Washington (CNN) - A leading grassroots liberal group is forming a book club to try and help boost Democratic Sen. Elizabeth Warren's new book to best seller status.
The Progressive Change Campaign Committee announcement Tuesday that it's forming a national progressive book club comes on the same day of the official book release from the freshman senator from Massachusetts. The group is encouraging its nearly one million members to purchase Warren's memoir, titled "A Fighting Chance," and spread it on social media.
Starting with Warren's book, PCCC's inviting it's members to read a book every few months, followed by a national call with the author. The group is also considering local book parties as part of their plan. PCCC says over 14,000 of their members have already signed up to be part of the book club
PCCC was the major grassroots backer of Warren in 2012, both in urging her to run and in supporting her campaign against then-Sen. Scott Brown. The group raised over $1 million for Warren's campaign and says it made over half a million calls to voters on her behalf.
"In 2012, PCCC members rallied around Elizabeth Warren's economic populist message and we were her #1 grassroots supporter. In 2014, we'll help her rise to #1 on the best seller list," said PCCC co-founder Stephanie Taylor, in a statement.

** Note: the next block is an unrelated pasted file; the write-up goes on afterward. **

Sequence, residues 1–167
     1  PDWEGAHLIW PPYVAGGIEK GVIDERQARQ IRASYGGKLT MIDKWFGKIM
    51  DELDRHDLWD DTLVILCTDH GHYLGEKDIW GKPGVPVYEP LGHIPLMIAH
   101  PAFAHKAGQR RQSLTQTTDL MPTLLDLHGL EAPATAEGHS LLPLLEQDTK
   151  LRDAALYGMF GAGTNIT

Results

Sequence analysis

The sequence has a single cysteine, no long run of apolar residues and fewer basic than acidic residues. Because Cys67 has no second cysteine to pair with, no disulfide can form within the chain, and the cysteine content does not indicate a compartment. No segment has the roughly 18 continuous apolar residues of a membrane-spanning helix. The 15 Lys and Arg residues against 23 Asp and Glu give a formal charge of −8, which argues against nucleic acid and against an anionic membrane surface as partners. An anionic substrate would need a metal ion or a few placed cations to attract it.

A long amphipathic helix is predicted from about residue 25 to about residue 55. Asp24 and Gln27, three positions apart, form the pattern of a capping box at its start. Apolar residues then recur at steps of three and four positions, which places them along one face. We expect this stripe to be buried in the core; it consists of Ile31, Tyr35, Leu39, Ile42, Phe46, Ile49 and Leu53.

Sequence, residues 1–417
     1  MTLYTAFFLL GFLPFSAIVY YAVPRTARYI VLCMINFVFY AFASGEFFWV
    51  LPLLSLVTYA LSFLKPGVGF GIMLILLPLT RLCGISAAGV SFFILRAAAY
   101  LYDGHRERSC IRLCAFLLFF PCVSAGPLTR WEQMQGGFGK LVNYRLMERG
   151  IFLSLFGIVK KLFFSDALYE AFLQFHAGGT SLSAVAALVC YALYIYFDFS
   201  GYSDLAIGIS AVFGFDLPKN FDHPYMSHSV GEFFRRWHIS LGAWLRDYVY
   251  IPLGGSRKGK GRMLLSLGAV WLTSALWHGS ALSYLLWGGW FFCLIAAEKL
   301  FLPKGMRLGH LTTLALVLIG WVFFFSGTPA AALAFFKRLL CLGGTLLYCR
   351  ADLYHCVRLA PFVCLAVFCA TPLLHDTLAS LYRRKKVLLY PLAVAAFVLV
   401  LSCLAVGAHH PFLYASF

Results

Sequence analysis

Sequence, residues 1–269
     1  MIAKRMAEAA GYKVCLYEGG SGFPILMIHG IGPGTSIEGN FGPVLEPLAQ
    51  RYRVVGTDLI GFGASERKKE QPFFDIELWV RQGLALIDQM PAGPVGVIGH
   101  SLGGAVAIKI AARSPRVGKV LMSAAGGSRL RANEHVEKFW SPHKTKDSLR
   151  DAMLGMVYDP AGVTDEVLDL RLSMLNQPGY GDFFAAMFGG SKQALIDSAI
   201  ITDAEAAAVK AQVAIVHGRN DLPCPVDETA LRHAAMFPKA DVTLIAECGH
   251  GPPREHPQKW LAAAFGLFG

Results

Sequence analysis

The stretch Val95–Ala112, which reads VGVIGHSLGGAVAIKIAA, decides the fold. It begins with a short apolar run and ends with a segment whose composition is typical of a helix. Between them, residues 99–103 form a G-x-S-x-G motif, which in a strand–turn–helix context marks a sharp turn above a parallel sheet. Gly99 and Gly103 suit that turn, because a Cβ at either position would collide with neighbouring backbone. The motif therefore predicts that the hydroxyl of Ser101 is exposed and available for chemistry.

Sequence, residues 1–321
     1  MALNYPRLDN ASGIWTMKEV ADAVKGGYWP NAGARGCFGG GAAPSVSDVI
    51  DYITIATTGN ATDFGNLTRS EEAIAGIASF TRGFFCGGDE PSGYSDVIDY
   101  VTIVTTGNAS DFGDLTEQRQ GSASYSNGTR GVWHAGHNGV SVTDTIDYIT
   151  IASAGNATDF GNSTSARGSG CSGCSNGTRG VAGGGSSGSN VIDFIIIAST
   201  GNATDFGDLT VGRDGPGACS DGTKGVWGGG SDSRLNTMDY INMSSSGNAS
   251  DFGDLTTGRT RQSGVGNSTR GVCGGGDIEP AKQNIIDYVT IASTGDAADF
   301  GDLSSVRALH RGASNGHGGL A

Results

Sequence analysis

Warren is a former Harvard University Law School professor who served as a senior advisor under President Barack Obama in setting up the Consumer Financial Protection Bureau, before returning to Massachusetts to run for the Senate.
While many progressives have urged Warren to make a bid for the White House in 2016, she has repeatedly said she's not running for president.
In her memoir, Warren details her life story while also laying out her case for a more level playing field in the country's economic marketplace.
In her book, Warren credits the PCCC efforts on her behalf in 2012, writing that the group "signed on early with the petition encouraging me to run, and they stayed with me every day right through the election."
CNN Political Editor Paul Steinhauser contributed to this report